This article was published in Australian Dictionary of Biography, Volume 4, (MUP), 1972
Henry Hewett Paulet Handfield (1828-1900), Anglican clergyman, was born on 12 December 1828, the fifth son of Edward Handfield, naval commander, of Hermitage House, near Dublin, and his wife Louisa, née Cokely. He was educated at Uppingham School and the Collegiate Institution, Liverpool. After his parents died he became the ward of Bishop Perry and in 1848 arrived at Melbourne with him in the Stag. He became an assistant at the Melbourne Diocesan Grammar School under Richard Budd and was made deacon by Perry on 21 December 1851. He was licensed as assistant curate to Archdeacon Thomas Hart Davies at St Peter's, Eastern Hill, ordained priest in 1852 and succeeded to the charge of the parish in December 1854.
While locum tenens of the parish before appointment as its incumbent, Handfield reorganized the school associated with it and added a bluestone chancel, two transepts and a gallery to the original church. In 1855-56 he was in England with Perry. In 1857 the bishop published a general circular to his clergy forbidding the practice of intoning and chanting portions of divine service. Privately, at the prompting of indignant clergy and laity, he rebuked Handfield for liturgical extravagances at St Peter's and expressed concern at some of Handfield's theological opinions. However, by September 1865 Handfield had moved the organ from the gallery and sported in full view a robed and chanting choir. His peculiar relationship to Perry seemed to shield him from disciplinary consequences of their various disagreements over this and other matters.
With equal perseverance for community welfare, he played a leading role in the opening and direction of a day school and centre for worship in the Richmond area in 1857, and founded St Peter's Evening School in 1858. His zeal for education included the new university. His notorious choir sang at the laying of the foundation stone of Trinity College in 1870 and he served on its council in 1871-1900. He was also a founding member of the theological faculty and a lecturer in 1879-1900. He had helped to form the Melbourne and Collingwood City Mission in 1856 and managed his parochial finances so well that by 1868 half the church collections were given away to good causes. In 1876 he was appointed chaplain of the Victorian Volunteer Force.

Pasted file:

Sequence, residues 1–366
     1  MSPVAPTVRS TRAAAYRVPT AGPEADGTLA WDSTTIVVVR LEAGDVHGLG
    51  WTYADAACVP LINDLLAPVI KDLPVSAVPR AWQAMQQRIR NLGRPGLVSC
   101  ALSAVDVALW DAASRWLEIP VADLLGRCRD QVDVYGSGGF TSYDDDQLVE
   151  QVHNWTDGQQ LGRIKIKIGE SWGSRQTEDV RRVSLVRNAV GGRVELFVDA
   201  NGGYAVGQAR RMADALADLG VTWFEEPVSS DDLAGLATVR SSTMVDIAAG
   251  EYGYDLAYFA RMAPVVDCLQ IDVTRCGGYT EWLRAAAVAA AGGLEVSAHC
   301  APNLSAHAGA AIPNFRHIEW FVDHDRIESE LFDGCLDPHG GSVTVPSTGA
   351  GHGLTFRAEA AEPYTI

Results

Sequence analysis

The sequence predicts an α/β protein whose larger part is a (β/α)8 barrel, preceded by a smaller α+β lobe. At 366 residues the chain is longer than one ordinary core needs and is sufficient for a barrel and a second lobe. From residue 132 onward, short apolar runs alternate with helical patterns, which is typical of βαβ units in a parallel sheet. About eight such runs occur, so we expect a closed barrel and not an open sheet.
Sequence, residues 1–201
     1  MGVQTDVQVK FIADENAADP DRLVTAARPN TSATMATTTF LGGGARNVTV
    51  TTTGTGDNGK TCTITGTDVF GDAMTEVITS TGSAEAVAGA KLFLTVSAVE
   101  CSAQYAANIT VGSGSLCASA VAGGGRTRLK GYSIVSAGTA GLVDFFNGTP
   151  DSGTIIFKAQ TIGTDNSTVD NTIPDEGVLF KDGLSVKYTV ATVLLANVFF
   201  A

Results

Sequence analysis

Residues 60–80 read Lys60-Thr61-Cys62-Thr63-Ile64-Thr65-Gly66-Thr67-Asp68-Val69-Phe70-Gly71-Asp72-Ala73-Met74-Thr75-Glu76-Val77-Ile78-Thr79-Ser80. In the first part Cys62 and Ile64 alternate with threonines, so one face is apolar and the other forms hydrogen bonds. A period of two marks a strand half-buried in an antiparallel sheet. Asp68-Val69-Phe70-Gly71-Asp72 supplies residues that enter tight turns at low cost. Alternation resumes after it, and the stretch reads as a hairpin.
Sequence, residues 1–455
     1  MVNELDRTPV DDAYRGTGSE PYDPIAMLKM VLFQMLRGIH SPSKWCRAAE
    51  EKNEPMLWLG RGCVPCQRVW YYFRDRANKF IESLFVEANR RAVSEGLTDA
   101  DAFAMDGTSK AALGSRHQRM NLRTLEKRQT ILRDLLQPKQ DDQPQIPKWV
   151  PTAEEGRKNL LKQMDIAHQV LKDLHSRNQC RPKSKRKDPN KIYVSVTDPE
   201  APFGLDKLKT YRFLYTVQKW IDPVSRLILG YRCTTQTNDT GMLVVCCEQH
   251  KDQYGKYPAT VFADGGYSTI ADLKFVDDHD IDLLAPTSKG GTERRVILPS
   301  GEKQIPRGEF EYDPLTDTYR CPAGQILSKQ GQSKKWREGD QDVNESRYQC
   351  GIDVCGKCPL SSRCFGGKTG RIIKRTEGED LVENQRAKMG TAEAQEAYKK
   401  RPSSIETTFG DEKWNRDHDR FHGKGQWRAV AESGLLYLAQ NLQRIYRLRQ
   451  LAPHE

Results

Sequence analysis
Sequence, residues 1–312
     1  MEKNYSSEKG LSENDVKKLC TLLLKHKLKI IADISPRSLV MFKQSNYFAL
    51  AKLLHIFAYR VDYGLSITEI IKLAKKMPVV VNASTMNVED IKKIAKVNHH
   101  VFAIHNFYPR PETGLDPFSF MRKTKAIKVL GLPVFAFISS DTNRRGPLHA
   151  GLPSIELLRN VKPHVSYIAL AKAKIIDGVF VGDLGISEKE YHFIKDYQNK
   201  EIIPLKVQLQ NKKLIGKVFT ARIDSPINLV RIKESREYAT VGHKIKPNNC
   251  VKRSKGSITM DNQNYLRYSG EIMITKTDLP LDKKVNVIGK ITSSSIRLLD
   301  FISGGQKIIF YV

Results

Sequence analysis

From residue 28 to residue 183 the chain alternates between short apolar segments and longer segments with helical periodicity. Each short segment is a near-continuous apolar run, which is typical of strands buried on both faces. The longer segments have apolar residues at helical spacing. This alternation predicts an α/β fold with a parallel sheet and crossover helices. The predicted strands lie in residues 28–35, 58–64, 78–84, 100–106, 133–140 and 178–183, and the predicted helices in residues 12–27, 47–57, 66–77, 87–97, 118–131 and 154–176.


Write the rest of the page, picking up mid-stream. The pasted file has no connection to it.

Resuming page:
Handfield stood high in the opinion of the Church assembly which elected him both to the board responsible for the appointment of Bishop James Moorhouse in 1876 and to the chapter of the new cathedral in 1879. Moorhouse made him rural dean of the city of Melbourne. As the leading promoter of Moorhouse's vision of a 'Mission to the Streets and Lanes', Handfield circulated the public appeal in 1885 and encouraged Sister Esther to move into the Little Lonsdale Street Mission House in 1888, thus playing a part in founding the Community of the Holy Name. He was the first chaplain of the mission and the first warden of the Sisters. On 10 November 1853 Handfield had married Mary Leigh, eldest daughter of William Upton Tripp of Collingwood; they had no children. He died on 8 August 1900 at St Peter's vicarage.
B. R. Marshall, 'Handfield, Henry Hewett Paulet (1828–1900)', Australian Dictionary of Biography, National Centre of Biography, Australian National University, http://adb.anu.edu.au/biography/handfield-henry-hewett-paulet-3707/text5815, accessed 21 December 2013.
This article was first published in hardcopy in Australian Dictionary of Biography, Volume 4, (MUP), 1972